The expert warned many had already arrived from the warzone, she said.
In a conference on countering extremism and radicalisation in Nice yesterday, Mrs Especier said: “Twenty-four have returned home from Syria since September. But hundreds of French minors, an estimated 700, are still in the war zone. It is only a matter of time before their parents bring them home.”
Mrs Especier, a member of France’s Inter-ministerial Committee for the Prevention of Delinquency and Radicalisation (CIPD-R), added more than half of the children born to ISIS militants and their wives were “under the age of five” and that more than one-third were “born in ISIS-controlled territory”.
Once home, the children of returnees – babies as young as two months and teenagers as old as 16 – will be taken into care and looked after by local authorities.
But not all ‘ISIS children’ can be sent into foster care, which is what usually happens when a child’s parents are either dead or in jail, she warned.
She said: “We cannot be naïve. Some of these children have witnessed – or even carried out – brutal executions.
“Some are 13 or older, and could eventually face terror-related charges. They cannot live in a foster home.”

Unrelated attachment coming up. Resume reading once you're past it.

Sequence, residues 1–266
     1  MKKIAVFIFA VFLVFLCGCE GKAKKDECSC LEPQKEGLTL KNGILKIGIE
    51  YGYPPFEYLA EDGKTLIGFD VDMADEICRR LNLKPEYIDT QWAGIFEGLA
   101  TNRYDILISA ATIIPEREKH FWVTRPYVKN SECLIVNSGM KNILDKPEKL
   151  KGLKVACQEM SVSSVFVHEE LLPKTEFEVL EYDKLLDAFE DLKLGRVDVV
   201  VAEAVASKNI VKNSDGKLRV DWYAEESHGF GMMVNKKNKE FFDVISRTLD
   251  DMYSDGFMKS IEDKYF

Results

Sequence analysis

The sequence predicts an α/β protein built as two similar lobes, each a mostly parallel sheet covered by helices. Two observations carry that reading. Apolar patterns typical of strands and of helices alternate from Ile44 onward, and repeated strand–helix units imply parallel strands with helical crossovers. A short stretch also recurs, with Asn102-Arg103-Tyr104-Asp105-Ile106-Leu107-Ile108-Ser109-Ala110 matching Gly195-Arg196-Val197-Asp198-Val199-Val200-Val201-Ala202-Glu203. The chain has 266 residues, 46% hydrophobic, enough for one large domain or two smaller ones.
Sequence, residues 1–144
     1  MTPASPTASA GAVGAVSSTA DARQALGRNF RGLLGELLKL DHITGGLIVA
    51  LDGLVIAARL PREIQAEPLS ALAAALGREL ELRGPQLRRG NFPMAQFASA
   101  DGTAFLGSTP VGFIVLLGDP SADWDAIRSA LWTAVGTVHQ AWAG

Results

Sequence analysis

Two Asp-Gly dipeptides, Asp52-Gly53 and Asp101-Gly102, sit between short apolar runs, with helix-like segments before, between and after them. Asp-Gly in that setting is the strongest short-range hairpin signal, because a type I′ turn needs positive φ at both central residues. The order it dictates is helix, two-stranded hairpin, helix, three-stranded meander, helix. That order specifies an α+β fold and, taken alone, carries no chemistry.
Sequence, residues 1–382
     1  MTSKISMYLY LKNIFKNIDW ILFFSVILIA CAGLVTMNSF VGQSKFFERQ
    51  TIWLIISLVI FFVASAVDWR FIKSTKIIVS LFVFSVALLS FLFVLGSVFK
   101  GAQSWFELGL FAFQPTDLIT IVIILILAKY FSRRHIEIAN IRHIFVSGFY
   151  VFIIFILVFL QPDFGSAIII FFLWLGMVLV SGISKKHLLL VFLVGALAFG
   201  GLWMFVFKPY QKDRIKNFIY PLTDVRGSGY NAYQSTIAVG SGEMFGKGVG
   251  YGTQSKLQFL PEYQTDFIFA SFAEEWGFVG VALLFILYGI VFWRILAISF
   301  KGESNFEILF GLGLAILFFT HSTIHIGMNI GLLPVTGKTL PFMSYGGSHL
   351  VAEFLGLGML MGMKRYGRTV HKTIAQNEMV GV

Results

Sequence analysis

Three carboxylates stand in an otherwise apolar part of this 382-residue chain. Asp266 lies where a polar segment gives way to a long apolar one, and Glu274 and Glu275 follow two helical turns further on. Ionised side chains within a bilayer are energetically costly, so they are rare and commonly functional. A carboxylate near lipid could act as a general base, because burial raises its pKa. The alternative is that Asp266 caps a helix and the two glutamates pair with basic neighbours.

But the fate of the ‘children of ISIS’ remains unclear, and deradicalisation officials are racking their brains for solutions to France’s ‘returnee’ problem.
Mrs Especier said: “We are trying to find a solution that suits everyone. Some of the children are very young. We are considering, for example, opening a shelter for the wives of ISIS militants and their children.”
The children, however, cannot be sent to school “immediately,” the deradicalisation expert said.
She said: “Sending the children to school weeks after their return isn’t always possible. These children have been separated from their families, and their mothers are most probably in jail.
“Our aim is to help them feel like children again, and to help them reintegrate back into society.”